That’s good when people are acting in good faith for the best public health outcome. Where it runs into problems is when you have a politicized public health response and you have people who are pushing full steam ahead for a school reopening and using whatever little gaps might be in the federal guidance to suit their own needs.

Whether or not it’s a local issue or a state issue or national issue, the most important thing is that we are making those decisions that will lead to the absolute best public health outcomes and not what we feel the economy should be doing or what’s the best political outcome for the party. That’s what I’m afraid of now, given that this has been so politicized. There exists now a space for people to make the argument that schools opening or closing is a political decision and not a public health decision. And that’s the problem. That’s what I fear.

When we looked at 1918 and at 2009, it didn’t even dawn on us that these could be political issues —  that public health could become a political issue in that way. But now that 2019 and 2020 have rolled around, so much of our response has been political. It’s really scary. You look at what other countries are doing — they’re reopening their schools or have plans to reopen their schools. They can do that because they didn’t politicize the public health response. Everyone got together as a society and did the right thing, and they brought their pandemics way under control. We’ve not done that. We’ve done the exact opposite.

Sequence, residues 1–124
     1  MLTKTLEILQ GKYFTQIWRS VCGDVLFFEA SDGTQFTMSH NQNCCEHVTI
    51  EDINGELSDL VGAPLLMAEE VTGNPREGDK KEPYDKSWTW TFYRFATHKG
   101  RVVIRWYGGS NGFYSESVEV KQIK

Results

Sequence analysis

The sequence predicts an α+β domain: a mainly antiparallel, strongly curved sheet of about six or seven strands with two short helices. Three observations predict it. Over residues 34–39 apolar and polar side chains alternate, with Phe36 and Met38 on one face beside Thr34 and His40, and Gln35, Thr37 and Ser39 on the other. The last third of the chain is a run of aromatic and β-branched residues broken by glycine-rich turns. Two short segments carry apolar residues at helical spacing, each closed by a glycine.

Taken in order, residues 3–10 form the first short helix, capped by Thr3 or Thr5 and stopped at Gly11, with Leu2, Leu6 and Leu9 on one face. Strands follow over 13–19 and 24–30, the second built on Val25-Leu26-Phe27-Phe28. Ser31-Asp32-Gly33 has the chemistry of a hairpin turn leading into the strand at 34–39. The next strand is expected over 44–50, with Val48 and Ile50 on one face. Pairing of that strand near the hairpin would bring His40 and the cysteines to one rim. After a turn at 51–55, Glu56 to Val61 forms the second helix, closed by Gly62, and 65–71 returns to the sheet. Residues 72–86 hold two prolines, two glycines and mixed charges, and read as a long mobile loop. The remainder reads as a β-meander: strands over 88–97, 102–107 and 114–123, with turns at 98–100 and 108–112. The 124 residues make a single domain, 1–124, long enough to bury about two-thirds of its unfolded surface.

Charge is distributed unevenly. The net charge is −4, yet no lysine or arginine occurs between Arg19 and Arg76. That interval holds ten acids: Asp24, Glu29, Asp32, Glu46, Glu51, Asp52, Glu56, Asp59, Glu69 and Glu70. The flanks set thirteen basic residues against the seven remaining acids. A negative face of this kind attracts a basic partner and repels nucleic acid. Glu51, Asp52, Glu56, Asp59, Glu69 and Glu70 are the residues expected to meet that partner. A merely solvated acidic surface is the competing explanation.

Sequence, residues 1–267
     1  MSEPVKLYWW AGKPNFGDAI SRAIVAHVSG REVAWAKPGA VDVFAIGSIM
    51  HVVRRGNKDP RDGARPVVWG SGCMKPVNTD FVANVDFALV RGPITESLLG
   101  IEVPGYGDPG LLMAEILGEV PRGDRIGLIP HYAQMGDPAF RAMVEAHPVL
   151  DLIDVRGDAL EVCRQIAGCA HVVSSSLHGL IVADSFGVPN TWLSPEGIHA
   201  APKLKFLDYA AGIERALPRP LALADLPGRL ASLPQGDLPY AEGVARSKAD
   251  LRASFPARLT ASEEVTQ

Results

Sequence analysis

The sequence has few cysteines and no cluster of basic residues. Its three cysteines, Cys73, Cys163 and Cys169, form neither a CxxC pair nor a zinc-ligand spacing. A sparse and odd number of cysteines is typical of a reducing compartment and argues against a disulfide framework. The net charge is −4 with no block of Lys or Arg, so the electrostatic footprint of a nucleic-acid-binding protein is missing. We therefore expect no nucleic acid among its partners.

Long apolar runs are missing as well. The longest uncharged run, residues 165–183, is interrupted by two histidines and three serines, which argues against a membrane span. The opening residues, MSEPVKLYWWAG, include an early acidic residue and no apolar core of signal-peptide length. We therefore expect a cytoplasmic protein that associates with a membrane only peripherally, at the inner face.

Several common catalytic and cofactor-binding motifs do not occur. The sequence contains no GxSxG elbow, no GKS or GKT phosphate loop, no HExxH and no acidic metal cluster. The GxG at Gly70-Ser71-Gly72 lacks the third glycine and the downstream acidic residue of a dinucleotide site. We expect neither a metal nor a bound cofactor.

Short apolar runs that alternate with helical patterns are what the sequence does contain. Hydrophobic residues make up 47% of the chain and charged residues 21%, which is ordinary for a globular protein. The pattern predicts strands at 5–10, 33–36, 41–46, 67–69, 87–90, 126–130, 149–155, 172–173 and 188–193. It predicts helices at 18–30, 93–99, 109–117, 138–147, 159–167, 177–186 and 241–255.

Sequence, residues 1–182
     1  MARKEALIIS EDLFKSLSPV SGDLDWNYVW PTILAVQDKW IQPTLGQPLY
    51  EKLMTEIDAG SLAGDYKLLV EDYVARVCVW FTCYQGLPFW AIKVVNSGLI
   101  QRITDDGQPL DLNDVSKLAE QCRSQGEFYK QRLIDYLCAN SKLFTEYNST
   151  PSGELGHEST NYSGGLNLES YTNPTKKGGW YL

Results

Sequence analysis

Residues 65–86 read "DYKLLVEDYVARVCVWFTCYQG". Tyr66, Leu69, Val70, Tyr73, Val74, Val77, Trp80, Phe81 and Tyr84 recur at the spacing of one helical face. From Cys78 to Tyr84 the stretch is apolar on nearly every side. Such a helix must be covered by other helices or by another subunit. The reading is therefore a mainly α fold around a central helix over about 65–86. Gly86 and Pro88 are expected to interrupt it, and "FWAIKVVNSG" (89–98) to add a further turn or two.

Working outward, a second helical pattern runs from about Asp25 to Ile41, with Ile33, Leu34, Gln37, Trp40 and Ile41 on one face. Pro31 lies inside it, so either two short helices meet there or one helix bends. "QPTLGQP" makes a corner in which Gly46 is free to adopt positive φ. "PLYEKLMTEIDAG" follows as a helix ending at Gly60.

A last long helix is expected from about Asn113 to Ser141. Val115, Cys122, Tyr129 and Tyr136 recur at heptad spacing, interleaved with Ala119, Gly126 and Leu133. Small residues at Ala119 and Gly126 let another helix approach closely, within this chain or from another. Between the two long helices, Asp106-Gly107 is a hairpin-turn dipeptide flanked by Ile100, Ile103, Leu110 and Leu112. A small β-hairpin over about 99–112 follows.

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Women in the newsroom: Why South Africa leads the way

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Mahlatse Mahlase is group editor-in-chief of Eyewitness News, a major broadcaster in South Africa. It’s a role she would have been unlikely to fill 30 years ago, under the apartheid regime, whose hierarchy put Black women on a bottom tier.

But no matter where you look in the world, women’s leadership in the news media has lagged – and still does. South Africa, in fact, is a relative success story. Today, women lead nearly half of the country’s major publications and broadcasters, according to a recent analysis by Oxford University. That puts it ahead of the United States, the United Kingdom, and even countries held up as models of gender parity, like Finland.